The leather that we wear most often today comes mainly from cowhide. As one of the only downsides to using leather, the animal will have to be killed in order to obtain the skin. However, the resulting product is naturally evolved to withstand almost any environmental situation you can throw at it. Due to the methods needed to obtain leather, as well as the time it takes to produce it, goods made from it are going to cost a lot more than something made from a softer fiber or synthetic material.
Speaking of cost, for those who don’t mess around when it comes to their well being, there is another type of animal hide that produces a product that is superior to that of cows. Recently, kangaroo leather has risen in popularity, mainly because it is very lightweight and abrasion resistant. It’s that abrasion resistance that is going to be the deciding factor between whether you walk away from an accident or not. Again, the process to procure the leather from kangaroo hide is an extensive one, so products made from it are highly coveted and very expensive.
However, that is all relative, as not being spared from serious injury is invaluable. The only major downside beyond cost is that leather isn’t breathable by nature, so you will get hot and after a while, sweating may become an issue. Regardless, the good far outweighs the bad in this situation. Whichever type of hide you decide to go with just be sure to always choose top-grade, full grain leather.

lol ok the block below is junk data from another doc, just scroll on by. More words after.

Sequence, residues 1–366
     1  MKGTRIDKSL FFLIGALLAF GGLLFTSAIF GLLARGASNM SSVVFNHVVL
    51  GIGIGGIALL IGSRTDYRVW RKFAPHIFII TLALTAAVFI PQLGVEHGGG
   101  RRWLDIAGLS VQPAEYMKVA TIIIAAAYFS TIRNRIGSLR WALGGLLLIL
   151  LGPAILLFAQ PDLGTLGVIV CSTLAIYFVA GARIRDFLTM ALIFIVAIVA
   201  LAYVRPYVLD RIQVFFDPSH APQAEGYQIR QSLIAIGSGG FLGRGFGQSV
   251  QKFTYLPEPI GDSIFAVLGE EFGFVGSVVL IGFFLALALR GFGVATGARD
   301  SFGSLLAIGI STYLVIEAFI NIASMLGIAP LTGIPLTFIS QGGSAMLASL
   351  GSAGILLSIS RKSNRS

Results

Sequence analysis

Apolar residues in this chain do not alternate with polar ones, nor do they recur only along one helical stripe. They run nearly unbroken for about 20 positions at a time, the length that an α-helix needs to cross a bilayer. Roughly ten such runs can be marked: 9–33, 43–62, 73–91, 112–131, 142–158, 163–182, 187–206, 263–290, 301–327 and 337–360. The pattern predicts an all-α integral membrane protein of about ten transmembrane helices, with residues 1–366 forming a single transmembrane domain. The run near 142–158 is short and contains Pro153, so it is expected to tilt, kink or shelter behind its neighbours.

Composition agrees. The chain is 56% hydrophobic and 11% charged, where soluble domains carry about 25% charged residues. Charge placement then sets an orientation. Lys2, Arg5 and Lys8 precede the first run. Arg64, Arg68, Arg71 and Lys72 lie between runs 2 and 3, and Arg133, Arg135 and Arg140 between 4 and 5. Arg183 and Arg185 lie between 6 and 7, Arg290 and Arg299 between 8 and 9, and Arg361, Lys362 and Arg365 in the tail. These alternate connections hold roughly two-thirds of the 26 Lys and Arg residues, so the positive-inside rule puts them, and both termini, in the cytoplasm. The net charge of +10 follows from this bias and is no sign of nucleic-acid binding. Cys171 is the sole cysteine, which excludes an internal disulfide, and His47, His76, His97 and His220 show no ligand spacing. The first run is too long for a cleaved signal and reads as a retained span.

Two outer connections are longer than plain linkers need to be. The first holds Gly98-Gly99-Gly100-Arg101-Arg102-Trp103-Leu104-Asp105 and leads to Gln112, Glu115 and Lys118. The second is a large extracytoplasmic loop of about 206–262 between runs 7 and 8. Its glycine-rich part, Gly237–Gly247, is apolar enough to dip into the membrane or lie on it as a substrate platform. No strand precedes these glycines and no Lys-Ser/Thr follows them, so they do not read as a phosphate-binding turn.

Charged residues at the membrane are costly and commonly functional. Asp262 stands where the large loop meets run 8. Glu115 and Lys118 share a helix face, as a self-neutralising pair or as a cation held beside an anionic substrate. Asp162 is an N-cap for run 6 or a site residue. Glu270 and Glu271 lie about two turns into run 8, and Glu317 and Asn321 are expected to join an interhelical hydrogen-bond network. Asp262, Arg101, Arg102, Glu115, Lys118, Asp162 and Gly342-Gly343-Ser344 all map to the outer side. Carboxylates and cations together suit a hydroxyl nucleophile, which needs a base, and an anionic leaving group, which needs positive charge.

As good and reliable as authentic leather is, it is an inescapable fact that it can be prohibitively expensive. As a result of this, some manufacturers can have a hard time selling their products to the general public. This has resulted in them turning to more affordable synthetic fabrics to produce their products. Admittedly, sometimes this can be preferable to leather, because aside from the cost savings, these materials are going to be lighter, keep you cooler on warmer days.
As another measure of protection, more and more options are being outfitted with armor plating at high impact areas such as shoulders, elbows, and back. This armor is usually constructed from hard density foam, carbon fiber, or titanium, among others, which add a significant amount of shielding while not increasing the weight by that much. They help reduce injury by spreading and dampening the impact. Unfortunately, this armor is most often found in highly specialized racing options, and any that you’ll find as an average rider is going to set your wallet back a bit.